Thank You: A Spoken Word Tribute to Women in Ministry

Jeanelle E. Austin


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Slider THANK YOU Spoken Word

Jeanelle Austin’s spoken word piece “Thank You” performed at”Celebrating Women in Leadership”, a conference co-sponsored by The Junia Project at Azusa Pacific University on 2/14/2015. 

When we say, “Women in ministry,” it often begins a debate.

Those on the left side of the room get mad at men,

and over on the right, body language indicates that the words alone can make a person irate.

But somewhere in the middle are voices often ignored.

Because they are less taken by gender roles and stand in awe of the women who gave them wings to soar.

So imagine with me that we ushered the left and the right into a sound proof room.

The only whispers now cutting the silence would sound a lot like, “Thank you.”

Thank you to my mother who walked in her anointing from God.

Thank you to my father who nurtured her call like seeds in rich sod.

Thank you to my pastor, she walked with me through my grief,

and when I had no money, she helped me find economic relief.

Thank you to the preacher, her sermon brought me to the cross.

Thank you to the missionary, because of her I’m found instead of lost.

Thank you to the soundboard women, I can hear the sounds so clearly.

Hats off to the women who usher and every Sunday greet me.

Thank you to the youth leader, she cares about my generation.

She knows how to break down the gospel and beat me at PlayStation.

Thank you to that Christian, she helped me buy a home.

Who knew that faith and realty didn’t stand alone?!

Thank you to the chaplain, she was present when I was at my worst:

At the hospital, in the military, and even in professional sports.


The thank you’s kept on ringing,

for in seconds, the room went from anger to silence to singing

the praises of the women who walk in their call

no matter their gender, their heart is to give their all.

It’s a crying shame that the church holds on to ceilings of glass,

when God created this world for men and women, free of social class:

A garden, some fruit, a couple of rivers and a call

to care for the earth and every living creature–yes, even the ones that make your skin crawl.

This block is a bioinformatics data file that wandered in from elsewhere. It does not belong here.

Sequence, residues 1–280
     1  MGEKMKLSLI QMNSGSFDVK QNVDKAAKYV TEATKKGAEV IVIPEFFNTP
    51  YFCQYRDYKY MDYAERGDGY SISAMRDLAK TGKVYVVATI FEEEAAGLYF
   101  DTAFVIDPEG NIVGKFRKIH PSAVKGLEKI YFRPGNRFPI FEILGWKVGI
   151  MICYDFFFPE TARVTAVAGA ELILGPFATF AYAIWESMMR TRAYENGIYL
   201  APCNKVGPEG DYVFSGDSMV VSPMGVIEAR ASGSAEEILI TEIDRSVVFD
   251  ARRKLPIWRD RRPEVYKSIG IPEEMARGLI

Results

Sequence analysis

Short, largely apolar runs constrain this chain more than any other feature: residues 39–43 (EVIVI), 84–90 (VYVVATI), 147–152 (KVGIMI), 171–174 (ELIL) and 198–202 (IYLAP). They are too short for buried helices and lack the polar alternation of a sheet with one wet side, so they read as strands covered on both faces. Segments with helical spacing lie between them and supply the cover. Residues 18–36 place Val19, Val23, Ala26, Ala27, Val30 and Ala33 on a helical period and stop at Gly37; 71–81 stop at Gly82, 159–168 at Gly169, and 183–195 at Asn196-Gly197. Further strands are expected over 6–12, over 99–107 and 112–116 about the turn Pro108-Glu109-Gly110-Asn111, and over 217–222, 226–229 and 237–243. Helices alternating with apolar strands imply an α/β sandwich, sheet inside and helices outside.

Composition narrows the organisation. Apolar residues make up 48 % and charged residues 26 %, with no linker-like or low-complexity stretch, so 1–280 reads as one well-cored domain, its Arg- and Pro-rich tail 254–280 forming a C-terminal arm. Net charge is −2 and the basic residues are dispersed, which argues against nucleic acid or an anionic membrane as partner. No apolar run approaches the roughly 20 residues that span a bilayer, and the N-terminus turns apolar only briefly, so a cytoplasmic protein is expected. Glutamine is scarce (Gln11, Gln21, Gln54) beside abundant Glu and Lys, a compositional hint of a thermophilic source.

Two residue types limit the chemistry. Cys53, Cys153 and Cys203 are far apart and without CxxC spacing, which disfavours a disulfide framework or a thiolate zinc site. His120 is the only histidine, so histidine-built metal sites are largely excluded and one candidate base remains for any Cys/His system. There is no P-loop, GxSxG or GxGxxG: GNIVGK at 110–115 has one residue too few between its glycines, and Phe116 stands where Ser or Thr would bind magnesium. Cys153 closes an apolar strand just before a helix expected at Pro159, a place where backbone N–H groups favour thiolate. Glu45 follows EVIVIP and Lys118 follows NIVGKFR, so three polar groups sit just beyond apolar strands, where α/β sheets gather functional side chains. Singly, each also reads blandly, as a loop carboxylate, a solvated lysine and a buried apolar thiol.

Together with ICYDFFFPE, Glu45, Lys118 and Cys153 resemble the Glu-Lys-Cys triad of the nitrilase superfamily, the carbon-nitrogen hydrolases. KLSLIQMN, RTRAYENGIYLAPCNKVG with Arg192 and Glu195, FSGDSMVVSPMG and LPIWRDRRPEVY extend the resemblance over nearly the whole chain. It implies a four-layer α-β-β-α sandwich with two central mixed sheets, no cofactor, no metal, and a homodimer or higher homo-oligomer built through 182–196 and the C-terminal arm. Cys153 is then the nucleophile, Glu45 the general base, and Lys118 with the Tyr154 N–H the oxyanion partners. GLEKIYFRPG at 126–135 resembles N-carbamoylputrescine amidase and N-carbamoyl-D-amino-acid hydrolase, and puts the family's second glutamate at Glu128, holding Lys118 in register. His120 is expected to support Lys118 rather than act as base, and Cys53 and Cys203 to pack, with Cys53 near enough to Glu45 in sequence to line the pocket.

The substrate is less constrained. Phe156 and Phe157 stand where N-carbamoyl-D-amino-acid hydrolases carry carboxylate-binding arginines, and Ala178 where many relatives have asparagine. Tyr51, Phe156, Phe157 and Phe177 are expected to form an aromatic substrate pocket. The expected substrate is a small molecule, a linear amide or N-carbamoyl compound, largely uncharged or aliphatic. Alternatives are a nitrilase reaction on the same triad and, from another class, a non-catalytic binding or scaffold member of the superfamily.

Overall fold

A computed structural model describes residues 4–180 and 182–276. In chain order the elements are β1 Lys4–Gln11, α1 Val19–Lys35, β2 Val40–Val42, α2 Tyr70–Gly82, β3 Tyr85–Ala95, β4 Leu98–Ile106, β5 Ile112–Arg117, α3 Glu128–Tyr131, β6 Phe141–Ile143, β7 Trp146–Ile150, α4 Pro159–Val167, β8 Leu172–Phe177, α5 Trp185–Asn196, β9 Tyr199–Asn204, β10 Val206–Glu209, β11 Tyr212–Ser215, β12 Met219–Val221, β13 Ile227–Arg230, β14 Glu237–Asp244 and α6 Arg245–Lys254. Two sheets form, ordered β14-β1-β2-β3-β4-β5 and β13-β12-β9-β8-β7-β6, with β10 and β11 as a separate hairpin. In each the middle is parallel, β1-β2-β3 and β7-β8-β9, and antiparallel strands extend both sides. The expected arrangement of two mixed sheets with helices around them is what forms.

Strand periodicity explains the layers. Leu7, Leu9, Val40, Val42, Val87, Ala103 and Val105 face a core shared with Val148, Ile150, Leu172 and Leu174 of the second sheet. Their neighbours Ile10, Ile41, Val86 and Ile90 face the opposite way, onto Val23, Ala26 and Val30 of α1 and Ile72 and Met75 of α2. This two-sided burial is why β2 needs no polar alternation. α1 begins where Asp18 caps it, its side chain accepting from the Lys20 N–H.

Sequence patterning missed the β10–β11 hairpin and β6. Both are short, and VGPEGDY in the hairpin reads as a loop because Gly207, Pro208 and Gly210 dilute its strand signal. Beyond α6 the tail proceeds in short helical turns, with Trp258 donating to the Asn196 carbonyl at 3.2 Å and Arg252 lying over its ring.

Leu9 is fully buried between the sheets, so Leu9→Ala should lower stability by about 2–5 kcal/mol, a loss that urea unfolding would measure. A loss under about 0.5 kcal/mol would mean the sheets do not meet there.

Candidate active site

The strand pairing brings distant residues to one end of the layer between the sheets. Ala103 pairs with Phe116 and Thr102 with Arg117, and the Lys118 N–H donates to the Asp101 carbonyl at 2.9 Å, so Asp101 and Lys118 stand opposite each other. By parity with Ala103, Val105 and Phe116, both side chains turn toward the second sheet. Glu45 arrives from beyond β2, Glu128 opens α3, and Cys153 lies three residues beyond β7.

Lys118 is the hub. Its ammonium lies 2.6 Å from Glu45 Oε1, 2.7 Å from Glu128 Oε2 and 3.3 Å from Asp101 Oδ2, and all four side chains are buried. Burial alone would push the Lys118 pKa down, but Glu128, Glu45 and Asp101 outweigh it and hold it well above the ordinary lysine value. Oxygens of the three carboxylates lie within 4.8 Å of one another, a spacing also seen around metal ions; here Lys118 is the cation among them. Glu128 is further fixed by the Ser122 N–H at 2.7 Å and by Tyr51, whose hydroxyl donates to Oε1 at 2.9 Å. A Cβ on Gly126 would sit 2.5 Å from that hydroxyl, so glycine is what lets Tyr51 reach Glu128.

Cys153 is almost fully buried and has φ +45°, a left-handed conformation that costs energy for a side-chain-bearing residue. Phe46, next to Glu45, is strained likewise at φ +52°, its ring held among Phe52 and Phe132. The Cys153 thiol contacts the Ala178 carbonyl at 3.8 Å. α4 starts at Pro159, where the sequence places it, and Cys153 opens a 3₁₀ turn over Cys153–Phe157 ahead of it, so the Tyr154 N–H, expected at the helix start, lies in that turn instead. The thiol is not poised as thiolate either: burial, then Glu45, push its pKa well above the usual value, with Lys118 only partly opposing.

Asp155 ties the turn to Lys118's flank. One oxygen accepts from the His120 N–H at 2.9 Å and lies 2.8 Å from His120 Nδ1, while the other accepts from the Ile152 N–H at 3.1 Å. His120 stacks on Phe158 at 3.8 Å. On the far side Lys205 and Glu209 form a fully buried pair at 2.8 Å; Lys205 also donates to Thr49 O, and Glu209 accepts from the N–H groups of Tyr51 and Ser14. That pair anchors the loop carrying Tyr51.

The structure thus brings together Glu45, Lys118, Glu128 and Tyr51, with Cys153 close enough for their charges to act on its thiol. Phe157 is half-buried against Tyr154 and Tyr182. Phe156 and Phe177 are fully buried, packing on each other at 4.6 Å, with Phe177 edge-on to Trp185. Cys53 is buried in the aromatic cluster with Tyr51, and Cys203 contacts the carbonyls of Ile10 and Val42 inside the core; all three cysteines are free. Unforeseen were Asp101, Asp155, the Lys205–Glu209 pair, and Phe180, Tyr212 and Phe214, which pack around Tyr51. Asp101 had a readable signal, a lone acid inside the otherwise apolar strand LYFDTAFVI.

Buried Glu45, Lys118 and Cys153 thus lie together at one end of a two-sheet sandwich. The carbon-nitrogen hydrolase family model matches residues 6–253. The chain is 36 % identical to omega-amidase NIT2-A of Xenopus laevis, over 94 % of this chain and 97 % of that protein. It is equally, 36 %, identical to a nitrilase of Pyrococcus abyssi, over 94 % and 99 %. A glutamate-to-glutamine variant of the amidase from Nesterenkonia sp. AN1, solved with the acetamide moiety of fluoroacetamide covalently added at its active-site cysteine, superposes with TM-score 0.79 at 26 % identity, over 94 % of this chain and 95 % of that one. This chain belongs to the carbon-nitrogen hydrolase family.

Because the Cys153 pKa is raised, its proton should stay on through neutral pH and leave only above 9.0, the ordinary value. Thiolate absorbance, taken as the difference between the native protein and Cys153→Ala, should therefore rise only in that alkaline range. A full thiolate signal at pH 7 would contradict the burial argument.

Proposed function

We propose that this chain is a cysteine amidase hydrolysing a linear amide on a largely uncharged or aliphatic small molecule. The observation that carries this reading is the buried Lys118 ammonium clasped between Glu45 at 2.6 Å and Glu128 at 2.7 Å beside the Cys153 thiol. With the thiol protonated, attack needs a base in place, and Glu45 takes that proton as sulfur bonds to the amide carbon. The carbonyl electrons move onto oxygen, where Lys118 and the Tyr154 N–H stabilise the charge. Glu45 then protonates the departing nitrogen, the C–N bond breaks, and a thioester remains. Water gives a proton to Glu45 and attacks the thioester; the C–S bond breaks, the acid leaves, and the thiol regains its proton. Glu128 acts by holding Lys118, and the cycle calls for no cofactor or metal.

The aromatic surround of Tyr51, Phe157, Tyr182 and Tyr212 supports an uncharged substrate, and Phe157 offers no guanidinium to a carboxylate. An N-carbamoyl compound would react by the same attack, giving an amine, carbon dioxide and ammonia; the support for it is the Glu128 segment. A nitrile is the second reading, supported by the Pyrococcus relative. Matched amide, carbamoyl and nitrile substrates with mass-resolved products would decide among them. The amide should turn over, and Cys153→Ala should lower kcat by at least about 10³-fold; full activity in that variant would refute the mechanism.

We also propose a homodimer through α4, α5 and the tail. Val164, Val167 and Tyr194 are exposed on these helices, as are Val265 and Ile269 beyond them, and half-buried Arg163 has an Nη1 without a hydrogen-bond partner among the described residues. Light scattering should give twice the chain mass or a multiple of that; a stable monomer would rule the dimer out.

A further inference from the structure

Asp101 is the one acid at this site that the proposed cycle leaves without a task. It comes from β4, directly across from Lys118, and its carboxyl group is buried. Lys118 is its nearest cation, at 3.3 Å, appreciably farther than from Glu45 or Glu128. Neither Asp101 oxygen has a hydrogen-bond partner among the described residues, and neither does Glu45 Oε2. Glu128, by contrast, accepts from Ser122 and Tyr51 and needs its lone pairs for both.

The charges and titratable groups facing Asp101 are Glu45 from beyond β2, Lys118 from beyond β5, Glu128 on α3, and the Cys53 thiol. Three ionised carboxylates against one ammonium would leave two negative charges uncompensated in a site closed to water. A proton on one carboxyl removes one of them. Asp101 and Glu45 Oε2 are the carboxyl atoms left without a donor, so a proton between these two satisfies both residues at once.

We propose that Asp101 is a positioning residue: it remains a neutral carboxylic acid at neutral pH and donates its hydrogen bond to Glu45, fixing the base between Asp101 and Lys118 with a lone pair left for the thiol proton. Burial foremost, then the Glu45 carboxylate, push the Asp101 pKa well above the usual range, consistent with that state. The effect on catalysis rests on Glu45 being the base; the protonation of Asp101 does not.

It was never about social gender roles and progress.

That’s why women can be in ministry.

The thank you’s exist because she exists fully in who God created her to be.


So to all the mothers, sisters, aunties, and daughters

To those who have gone before, those present, and those who are to come after

We celebrate you and your ministry as you continue to stand in truth.

And we don’t say it often enough, but today;

Today please accept our resounding “thank you”.

Jeanelle E. Austin

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  • Hey Jeanelle,

    THANK YOU!!! I love this… and great that you got rid of all the arguers before you got onto the thank yous… I sometimes think the ones who disagree so disagreeably make it so much harder. I’d love to use this in our conference. I’ll be in touch.

  • This was an amazing experience and now it can be shared this way.

    Poetry like this–well it can have a greater impact than expositions.

    Still, let me say: To break the barriers against appointing women as pastors to our churches, the congregations must be educated. It is the responsibility of leadership to do this. Education does not break all barriers, because people who know all the arguments for the full ordination of women still choose to oppose the practice. But education has changed many people’s minds. The recent book published by Baylor University Press called: How I Changed my Mind about Women in Leadership: Compelling Stories from Prominent Evangelicals (Alan Johnson, Editor. Grand Rapids: Zondervan, 2010) witnesses to the transformation of the mindsets of many evangelical leaders. Expositions and arguments are persuasive for many, but personal experience is far more effective. We can have the greatest impact on our world by encouraging women and men called into ministry if we use ALL MEANS to prepare people for, and then give them, women pastors.

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